A recent article in Science Daily reports on a presentation given at this week's meeting of the Endocrine Society. It's worth a look: Science Daily: Many People with Diabetes Do Not Know or Heed Dangers of Hot Weather Unfortunately, while the points it makes are true, a much better title would have been Many doctors and pharmacies don't know or heed the dangers of hot weather. Just this week I heard from someone whose insurance forces him to get his medications from a mail order service that refuses to ship insulin overnight or with any protection against temperature. This, even though the insulin manufacturer documented for this person that when insulin sits in a hot truck it dies. Meters and test strips can also become unusable if left in a hot car. I've cooked a whole vial of strips by leaving them on a car seat when it was in the 90s outside. The Science Daily article points out that even pills can be ruined by heat. That was new to me but I am no stranger to the phenomenon where one month's Metformin works a whole lot better than another's. Sadly, I am also no stranger to the phenomenon where when you complain to a pharmacy that your insulin is weak or there seems to be something wrong with your pills, they assure you it couldn't possibly be true and that no one else has complained about them. No one else probably has complained, because they probably assumed it was something in their own physiology that made their blood sugars suddenly shoot up. Given the vague way that most people with Type 2 are prescribed insulin and their lack of understanding of how insulin doses should correlate tightly with blood sugars, it is no surprise that customers pay for their insulin and accept whatever they're given, even if it barely works. Sadly, the problems caused by temperatur Continue reading >>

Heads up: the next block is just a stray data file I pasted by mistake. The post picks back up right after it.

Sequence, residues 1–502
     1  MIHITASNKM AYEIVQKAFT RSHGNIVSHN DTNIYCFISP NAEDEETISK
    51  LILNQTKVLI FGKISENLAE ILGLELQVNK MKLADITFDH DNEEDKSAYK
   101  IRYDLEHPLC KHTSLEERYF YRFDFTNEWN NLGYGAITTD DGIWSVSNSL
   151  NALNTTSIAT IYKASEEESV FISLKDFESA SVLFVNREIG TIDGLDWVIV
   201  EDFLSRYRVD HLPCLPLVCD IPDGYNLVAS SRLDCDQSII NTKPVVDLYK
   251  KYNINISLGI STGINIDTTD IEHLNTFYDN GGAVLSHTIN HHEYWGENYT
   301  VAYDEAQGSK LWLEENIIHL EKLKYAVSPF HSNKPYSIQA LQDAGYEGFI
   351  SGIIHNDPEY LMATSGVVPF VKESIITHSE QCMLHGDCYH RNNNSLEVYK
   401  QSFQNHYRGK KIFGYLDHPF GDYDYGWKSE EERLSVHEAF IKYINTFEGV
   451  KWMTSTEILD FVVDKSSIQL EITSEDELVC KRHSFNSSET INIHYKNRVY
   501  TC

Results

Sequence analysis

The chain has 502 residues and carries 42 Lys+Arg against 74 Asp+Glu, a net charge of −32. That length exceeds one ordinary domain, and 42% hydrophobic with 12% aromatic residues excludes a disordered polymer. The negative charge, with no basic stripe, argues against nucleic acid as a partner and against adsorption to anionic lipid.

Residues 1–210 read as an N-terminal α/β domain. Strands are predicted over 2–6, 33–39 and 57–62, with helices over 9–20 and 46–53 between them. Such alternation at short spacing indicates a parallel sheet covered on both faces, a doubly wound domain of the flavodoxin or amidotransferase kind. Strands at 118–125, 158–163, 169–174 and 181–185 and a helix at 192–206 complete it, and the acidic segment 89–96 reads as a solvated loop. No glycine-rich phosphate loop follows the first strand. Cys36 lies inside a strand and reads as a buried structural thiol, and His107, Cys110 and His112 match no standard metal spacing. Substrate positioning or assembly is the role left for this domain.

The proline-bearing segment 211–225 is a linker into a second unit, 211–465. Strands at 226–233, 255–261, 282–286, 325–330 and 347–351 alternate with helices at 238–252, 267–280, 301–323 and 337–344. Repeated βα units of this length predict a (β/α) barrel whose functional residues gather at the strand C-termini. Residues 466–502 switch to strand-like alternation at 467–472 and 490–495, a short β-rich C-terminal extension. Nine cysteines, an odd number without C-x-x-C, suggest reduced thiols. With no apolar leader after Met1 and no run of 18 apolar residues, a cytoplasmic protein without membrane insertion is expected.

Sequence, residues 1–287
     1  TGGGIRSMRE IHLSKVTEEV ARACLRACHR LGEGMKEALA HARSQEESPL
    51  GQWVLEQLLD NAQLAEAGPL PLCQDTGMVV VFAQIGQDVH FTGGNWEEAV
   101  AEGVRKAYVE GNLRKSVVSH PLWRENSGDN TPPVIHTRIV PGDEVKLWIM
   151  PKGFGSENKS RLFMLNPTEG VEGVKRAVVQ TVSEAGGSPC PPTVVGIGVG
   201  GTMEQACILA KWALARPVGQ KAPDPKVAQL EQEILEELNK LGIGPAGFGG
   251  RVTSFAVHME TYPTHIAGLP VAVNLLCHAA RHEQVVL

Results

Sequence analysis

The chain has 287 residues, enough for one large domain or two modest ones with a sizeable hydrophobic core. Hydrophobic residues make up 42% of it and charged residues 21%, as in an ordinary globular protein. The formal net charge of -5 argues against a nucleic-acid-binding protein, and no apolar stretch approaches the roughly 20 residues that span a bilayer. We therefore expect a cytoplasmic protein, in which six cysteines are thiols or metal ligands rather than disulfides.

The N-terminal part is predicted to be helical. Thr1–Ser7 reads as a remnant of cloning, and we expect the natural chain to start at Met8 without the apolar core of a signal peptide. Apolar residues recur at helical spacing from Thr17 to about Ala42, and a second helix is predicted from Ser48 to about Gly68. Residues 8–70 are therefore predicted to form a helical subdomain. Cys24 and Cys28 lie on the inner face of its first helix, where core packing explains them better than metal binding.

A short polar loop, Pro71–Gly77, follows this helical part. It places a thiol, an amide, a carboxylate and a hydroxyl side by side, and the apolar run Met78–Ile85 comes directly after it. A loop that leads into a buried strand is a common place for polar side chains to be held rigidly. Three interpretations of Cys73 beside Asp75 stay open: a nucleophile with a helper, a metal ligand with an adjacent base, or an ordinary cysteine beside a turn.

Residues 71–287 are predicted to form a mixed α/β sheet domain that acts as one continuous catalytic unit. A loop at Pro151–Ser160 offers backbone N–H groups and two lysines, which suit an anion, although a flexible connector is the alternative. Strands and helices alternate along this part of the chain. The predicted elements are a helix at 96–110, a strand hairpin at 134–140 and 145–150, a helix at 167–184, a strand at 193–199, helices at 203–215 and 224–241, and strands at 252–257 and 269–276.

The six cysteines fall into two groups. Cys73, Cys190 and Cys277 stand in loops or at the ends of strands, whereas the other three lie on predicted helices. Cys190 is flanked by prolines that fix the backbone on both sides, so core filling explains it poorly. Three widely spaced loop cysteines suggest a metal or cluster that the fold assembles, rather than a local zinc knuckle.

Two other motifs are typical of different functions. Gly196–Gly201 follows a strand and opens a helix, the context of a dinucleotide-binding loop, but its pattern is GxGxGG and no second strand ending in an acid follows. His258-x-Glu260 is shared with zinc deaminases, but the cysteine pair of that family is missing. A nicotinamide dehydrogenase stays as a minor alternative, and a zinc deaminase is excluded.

How To Manage Your Diabetes In Extreme Summer Heat